The PBS American Experience documentary on Orson Welles' War of the Worlds was a strong reminder of how easily fooled many Americans were in 1938 - and apparently also by today's entrenched political fantasies on the hard right. As witnesses to the mass hysteria that struck the dupes of the broadcast of a Martian landing in New Jersey later noted: "I couldn't understand how anyone would fall for this." But folks, countless people did, in fact, even with scattered reports of suicides. Indeed, they did.
As a reporter for the Columbus Citizen-Journal during the Cuban missile crises, I got a taste of mass fright in the newsroom as several colleagues hovered over the rattling wire service machines waiting for the latest word on the ominous approach of Russian ships to Cuba to dare triggering a war between two atomic powers. The young reporter sitting across from my desk remained on the telephone to her mother with panicked instructions to rush food, water and medical supplies to the basement (as if that would have helped!).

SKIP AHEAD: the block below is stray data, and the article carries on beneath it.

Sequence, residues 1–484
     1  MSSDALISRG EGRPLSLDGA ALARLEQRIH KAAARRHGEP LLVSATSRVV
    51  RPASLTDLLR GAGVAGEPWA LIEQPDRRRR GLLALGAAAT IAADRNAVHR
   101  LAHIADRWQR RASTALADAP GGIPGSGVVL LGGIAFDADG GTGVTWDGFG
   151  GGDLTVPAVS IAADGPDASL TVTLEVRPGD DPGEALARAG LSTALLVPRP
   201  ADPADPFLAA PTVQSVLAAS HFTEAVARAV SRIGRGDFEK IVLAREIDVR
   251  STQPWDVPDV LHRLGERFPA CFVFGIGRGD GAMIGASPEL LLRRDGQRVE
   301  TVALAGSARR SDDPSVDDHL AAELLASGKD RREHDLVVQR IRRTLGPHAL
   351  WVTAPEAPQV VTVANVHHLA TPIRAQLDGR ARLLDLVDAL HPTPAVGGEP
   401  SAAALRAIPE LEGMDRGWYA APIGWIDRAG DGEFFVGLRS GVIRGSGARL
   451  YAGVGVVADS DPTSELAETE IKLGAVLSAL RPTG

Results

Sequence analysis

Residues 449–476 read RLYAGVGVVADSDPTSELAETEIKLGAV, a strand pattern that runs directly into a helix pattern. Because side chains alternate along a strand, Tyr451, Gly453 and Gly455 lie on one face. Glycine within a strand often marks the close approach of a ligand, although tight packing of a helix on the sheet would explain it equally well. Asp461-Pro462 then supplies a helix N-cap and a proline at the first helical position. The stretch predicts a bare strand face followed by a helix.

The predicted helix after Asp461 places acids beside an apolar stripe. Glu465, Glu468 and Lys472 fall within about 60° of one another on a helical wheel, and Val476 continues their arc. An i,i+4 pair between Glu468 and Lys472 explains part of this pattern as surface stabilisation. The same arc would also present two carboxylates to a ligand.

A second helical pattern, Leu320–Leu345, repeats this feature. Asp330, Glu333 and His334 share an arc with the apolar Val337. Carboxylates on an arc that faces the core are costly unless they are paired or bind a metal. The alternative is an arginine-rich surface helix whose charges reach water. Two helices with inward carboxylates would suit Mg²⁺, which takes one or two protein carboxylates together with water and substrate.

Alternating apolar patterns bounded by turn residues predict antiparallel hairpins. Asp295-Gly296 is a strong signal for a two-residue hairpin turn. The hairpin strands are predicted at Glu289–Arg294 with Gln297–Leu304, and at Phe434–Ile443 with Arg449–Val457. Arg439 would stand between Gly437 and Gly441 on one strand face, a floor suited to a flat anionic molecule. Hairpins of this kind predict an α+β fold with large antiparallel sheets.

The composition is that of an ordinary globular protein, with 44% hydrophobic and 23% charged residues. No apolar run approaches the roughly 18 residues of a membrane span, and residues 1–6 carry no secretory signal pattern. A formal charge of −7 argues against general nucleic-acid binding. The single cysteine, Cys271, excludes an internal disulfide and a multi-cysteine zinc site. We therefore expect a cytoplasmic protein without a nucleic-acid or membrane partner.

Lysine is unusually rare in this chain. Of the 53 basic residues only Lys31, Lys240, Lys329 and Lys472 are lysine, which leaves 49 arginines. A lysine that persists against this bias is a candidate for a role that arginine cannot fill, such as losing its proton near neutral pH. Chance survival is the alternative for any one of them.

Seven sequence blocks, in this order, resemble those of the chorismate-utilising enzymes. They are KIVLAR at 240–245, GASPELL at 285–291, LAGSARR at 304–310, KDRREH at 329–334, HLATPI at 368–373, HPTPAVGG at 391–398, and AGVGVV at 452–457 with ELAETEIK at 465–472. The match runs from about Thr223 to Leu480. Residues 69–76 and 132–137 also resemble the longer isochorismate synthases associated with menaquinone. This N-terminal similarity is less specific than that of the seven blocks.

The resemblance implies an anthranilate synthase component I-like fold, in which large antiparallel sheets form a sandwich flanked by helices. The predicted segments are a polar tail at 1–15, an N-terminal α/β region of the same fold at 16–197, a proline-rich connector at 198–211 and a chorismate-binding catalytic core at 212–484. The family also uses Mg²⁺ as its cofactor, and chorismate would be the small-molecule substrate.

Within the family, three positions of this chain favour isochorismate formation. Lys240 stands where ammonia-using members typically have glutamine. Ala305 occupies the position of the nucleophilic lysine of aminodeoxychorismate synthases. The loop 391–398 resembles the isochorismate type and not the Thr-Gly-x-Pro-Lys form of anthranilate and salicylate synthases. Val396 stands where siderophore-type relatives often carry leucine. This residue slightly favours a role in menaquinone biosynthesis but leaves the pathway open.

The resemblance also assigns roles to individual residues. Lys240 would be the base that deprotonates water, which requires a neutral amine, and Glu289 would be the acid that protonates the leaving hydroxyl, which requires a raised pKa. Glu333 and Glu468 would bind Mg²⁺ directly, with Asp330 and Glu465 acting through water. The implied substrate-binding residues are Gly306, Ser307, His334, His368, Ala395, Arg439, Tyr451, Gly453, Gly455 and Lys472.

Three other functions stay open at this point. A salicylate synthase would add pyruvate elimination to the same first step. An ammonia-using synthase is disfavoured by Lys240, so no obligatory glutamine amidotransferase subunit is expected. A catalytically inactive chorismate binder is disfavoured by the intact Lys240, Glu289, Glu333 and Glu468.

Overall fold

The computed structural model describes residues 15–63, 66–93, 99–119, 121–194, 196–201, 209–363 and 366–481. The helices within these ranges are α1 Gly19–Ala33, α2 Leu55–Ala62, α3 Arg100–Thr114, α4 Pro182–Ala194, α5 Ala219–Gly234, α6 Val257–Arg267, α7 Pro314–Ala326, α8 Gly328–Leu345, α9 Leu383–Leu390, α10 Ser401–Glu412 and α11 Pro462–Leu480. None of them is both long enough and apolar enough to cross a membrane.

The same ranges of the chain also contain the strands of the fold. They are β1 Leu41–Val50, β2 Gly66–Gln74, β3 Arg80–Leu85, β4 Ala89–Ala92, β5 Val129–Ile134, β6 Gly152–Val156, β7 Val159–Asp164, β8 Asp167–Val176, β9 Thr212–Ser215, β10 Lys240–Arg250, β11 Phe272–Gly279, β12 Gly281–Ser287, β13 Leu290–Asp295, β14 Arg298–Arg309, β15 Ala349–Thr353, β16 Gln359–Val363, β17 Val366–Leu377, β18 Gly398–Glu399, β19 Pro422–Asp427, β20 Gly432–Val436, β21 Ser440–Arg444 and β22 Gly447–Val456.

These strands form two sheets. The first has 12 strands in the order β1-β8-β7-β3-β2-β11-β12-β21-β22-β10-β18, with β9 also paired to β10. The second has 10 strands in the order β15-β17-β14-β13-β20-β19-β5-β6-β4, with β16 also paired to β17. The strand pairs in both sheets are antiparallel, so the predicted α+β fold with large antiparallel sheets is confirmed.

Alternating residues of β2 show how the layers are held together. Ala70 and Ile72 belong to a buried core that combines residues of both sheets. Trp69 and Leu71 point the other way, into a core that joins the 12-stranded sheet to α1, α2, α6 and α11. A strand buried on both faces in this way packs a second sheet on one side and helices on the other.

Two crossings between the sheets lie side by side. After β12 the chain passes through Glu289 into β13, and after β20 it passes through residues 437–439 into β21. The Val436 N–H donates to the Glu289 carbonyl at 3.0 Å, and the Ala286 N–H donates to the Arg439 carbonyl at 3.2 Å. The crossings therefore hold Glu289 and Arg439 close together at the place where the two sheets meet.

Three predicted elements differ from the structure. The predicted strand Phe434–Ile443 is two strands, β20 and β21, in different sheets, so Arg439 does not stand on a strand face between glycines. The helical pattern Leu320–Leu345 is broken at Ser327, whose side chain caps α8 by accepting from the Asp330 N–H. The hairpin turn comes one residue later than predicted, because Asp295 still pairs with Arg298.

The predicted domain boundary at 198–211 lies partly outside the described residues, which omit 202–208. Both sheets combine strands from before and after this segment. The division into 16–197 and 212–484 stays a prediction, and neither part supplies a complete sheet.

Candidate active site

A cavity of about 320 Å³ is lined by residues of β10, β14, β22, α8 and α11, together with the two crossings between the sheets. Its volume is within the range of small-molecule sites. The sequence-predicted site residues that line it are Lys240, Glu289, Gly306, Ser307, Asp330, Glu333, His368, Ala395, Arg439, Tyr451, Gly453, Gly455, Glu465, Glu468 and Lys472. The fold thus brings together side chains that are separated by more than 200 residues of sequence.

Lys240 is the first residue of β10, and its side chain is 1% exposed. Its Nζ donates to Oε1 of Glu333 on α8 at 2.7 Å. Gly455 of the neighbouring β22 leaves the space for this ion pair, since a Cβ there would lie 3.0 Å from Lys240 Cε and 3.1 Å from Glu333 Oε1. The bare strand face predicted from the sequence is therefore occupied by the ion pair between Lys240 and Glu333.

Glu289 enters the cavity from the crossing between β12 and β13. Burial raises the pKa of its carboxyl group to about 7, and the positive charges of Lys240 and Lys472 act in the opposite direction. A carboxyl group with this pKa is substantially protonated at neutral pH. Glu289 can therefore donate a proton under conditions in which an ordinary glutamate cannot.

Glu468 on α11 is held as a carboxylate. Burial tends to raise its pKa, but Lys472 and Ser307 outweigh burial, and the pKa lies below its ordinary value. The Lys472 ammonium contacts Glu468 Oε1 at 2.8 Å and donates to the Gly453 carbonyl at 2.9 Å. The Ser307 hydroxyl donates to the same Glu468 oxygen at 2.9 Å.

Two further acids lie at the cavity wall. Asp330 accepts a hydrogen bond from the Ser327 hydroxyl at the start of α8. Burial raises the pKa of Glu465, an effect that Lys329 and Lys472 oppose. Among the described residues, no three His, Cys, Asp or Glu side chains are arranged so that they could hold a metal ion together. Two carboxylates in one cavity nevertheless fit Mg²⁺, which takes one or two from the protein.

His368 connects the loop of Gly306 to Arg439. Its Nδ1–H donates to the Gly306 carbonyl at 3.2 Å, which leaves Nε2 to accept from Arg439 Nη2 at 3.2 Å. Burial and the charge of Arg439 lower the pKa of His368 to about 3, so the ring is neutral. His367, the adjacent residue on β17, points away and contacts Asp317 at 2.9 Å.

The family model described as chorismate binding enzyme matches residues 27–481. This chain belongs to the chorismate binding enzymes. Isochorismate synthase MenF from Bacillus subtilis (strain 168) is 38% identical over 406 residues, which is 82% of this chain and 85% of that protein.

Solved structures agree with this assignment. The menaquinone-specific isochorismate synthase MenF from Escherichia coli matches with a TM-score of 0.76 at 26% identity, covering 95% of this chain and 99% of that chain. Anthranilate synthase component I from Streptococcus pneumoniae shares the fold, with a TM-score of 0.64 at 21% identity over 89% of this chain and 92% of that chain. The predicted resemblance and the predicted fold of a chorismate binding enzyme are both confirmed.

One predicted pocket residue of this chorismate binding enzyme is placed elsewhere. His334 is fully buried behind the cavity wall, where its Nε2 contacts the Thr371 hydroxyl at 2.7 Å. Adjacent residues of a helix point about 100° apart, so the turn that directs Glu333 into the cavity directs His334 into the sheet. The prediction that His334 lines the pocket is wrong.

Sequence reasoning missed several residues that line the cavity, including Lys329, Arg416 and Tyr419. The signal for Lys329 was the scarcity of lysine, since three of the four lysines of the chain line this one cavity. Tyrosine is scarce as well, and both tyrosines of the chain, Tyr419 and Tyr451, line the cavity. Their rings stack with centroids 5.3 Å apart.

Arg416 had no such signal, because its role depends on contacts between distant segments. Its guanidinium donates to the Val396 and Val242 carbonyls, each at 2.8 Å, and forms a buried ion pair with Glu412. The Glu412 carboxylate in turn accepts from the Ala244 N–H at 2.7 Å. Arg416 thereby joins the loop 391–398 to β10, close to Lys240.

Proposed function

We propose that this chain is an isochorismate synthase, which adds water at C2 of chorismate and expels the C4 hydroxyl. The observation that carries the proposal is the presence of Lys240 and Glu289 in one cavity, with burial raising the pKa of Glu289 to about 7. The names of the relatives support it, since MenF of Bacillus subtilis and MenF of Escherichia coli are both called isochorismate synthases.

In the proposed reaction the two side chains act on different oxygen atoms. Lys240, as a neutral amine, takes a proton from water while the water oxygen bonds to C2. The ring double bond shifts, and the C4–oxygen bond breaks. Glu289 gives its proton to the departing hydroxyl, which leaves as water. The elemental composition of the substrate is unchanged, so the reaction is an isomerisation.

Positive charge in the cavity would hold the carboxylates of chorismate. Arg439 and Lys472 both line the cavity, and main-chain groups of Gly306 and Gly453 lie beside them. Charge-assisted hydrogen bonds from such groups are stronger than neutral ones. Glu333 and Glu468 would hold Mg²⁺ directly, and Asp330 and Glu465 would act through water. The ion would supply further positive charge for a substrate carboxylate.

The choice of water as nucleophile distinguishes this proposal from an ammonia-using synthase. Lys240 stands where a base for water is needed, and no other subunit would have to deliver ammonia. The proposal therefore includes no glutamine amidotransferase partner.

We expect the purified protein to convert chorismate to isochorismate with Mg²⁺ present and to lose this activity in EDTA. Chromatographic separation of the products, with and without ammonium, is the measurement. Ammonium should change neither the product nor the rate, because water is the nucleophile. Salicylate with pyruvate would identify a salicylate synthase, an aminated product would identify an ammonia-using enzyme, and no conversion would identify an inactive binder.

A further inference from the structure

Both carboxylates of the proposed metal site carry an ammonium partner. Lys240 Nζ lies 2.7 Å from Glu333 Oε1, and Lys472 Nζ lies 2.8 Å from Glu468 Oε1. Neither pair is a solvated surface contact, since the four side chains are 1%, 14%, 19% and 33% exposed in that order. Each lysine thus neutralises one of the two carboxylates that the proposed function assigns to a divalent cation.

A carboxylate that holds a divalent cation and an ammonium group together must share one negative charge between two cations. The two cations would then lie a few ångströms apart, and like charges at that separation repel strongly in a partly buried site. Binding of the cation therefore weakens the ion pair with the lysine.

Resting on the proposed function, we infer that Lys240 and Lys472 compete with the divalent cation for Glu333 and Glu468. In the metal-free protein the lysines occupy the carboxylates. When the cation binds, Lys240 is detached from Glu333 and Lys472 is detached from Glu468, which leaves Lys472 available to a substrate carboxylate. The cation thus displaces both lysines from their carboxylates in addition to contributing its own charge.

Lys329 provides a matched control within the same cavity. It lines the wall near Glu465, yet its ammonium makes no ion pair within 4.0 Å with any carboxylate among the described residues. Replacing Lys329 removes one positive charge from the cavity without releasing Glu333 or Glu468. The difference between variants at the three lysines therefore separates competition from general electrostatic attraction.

Of course, the threat of annihilation was in this case real unless the confrontation was somehow resolved .
At night, I watched dirt flying from a lantern-lit hole in a neighbor's yard opposite our place. He had chosen to construct a fallout shelter, which was OK, I guess, if perishing in a useless homemade shelter was preferable to atomic incineration.
But American ingenuity in the marketplace took hold the next day as ads appeared from construction companies that they could offer guaranteed family fallout shelters with no interest and six months or so to pay.
OK, the bomb be damned. Everybody back to work! I never asked my young colleague what her mother was going to do with all of the food and medical supplies in the basement.